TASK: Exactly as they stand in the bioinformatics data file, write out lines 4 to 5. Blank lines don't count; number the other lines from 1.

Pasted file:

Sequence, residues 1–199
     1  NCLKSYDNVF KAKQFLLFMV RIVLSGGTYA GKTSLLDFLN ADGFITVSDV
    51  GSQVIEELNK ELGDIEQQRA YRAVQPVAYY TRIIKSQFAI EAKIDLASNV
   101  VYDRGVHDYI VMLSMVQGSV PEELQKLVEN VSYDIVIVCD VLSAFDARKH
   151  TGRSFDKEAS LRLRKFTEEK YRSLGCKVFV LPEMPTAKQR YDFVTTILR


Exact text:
   101  VYDRGVHDYI VMLSMVQGSV PEELQKLVEN VSYDIVIVCD VLSAFDARKH
   151  TGRSFDKEAS LRLRKFTEEK YRSLGCKVFV LPEMPTAKQR YDFVTTILR